Montag, 10. Februar 2014
Berlinale: Yves Saint Laurent / Thou Wast Mild & Lovely
The biopic "Yves Saint Laurent" suffers from an inadequate script and less-than-inspired direction by Jalil Lespert, ending up with a film chronicling the rise to fame, relationships, escapades and life in excess of the legendary French fashion designer that's rigidly episodic and insipid in its telling. The production design and- of course- the clothes are fabulous as can be expected but the cinematography is a tad on the drab side, denying all that retro chic an extra radiance that would have probably livend things up a bit. That said, the story of such an iconic figure has its inherent hook, and young actor Pierre Niney's performance as the master of beauty is transcendant despite the lack of rich material available to him. Through those feline features, constantly shifting expressions and slowing evolving mannerisms, he communicates the curiosity, insecurity, desire, depression and the creative burn of a man exhausted by his own genius and it's all mesmerizing. As the life partner of YSL, Pierre Bergé, Guillaume Gallienne is also brilliant, matching every bit of neediness of his counterpart with steadfast composure and adoring calm. Between the two of them it's quite the acting ping pong to behold.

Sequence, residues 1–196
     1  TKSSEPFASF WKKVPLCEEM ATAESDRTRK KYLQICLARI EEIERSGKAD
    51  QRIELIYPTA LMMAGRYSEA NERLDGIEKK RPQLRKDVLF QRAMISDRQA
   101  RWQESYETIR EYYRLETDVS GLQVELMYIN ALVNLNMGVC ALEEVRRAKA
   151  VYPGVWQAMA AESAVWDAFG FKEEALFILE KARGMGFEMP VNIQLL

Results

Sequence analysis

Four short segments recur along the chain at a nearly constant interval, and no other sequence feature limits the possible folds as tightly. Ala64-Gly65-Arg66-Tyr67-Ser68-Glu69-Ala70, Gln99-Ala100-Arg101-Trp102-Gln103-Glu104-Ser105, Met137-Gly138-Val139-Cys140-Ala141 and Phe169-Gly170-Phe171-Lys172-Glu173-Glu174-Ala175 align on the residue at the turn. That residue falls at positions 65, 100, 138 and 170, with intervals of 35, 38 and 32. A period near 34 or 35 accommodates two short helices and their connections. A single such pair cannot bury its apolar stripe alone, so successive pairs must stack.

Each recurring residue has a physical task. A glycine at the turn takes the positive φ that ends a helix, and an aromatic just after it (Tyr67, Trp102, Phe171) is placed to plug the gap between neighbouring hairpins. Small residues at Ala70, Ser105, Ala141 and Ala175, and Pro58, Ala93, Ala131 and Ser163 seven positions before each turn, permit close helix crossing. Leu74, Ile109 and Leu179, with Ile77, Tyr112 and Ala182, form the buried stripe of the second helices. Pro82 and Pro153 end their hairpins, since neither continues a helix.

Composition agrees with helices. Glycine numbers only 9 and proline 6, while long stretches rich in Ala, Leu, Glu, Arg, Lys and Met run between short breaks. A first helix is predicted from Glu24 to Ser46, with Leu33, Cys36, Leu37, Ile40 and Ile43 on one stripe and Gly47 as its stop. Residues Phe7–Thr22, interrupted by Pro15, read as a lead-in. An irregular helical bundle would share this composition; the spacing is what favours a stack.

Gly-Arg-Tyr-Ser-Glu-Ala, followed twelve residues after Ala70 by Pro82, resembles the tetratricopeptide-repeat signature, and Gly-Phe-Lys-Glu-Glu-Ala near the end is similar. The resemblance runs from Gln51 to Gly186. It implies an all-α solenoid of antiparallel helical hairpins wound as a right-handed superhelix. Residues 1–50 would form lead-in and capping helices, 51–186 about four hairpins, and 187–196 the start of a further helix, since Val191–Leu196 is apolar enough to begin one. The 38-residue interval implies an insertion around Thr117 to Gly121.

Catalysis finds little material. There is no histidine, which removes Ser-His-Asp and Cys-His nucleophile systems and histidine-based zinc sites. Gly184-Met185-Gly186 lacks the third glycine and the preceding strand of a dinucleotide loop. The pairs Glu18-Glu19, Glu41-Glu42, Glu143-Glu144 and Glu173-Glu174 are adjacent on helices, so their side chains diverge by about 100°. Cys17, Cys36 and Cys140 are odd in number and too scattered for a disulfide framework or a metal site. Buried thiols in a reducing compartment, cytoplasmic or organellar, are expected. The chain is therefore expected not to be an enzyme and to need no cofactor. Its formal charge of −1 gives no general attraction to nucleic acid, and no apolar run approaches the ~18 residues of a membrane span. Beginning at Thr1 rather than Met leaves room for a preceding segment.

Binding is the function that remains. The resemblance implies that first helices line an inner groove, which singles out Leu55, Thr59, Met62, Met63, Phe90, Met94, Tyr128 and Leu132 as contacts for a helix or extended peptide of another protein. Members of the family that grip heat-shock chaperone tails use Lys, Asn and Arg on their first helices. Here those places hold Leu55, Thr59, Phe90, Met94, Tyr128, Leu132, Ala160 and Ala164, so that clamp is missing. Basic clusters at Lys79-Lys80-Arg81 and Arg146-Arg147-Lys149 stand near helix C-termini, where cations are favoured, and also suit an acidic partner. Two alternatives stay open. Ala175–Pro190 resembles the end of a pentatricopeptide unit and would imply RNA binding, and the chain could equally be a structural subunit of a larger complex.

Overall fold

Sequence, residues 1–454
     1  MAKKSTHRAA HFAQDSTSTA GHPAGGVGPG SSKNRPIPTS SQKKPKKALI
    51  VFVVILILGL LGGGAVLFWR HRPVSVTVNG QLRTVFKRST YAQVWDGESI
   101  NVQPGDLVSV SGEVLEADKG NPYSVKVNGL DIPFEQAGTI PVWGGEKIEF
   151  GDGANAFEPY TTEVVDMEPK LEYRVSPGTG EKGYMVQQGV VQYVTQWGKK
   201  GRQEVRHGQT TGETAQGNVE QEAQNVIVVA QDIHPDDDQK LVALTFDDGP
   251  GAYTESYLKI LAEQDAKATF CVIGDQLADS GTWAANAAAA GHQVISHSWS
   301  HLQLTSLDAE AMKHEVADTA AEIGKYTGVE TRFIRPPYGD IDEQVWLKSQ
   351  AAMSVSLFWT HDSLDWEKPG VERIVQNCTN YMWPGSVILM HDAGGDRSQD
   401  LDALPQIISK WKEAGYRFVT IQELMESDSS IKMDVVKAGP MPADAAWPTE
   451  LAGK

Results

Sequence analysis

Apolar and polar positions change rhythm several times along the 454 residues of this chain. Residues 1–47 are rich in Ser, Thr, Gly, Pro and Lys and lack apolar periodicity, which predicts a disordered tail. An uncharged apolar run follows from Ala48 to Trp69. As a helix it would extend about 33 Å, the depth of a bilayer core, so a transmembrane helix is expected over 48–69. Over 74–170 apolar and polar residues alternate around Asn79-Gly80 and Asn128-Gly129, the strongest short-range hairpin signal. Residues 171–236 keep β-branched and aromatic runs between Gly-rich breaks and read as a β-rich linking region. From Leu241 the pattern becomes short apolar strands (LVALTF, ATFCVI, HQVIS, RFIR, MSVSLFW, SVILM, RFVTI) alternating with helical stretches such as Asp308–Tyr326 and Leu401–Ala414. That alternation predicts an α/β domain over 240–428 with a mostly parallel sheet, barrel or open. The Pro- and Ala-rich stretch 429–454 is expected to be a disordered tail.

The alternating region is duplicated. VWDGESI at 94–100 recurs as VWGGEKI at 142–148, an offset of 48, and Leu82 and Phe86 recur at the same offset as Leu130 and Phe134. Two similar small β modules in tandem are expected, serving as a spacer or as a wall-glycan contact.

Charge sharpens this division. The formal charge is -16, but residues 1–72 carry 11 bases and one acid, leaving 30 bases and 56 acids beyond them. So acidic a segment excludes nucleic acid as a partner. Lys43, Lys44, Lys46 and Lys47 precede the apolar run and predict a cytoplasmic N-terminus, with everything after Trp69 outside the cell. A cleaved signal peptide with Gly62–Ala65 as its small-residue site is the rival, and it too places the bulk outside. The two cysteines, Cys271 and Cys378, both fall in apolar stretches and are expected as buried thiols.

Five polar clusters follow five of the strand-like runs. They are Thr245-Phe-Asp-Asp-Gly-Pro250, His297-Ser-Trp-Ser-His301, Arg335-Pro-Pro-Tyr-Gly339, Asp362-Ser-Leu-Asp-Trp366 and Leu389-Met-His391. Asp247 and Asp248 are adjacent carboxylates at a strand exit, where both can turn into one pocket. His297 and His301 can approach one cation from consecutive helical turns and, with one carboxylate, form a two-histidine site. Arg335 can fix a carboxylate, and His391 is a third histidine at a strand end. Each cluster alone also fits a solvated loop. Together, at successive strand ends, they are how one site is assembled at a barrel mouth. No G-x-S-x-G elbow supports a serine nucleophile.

"Thou Wast Mild & Lovely", an erotic horror story set in rural Kentucky, is a highly experimental piece of filmmaking with numerous hallucinatory sequences and random shots of farm animals, grass, distant land, empty sky, etc. It's the kind of movie where characters say completely irrelevant things in response to others' questions or don't even get to answer at all before the camera finds its interest in the next cow. One could definitely call this subjective, immersive cinema as its deeply fragmented structure clings to the erratic workings of the mind and its lensing, by turns crisp and foggy but always trembling with some hidden knowledge, puts you firmly inside a most volatile dreamscape. The description might sound pretty impressive but when a movie consists solely of contextual chaos, dizzying movements and a predominantly improvisational violin solo that just drills and drills...it's also the very embodiment of a headache. Writer/director Josephine Decker seeks to disturb via the cryptic and proves she has a voice with this oddity, but the way she goes about it is still far from mature, so while comparisons to Lynch are understandable, they're not shared by this viewer.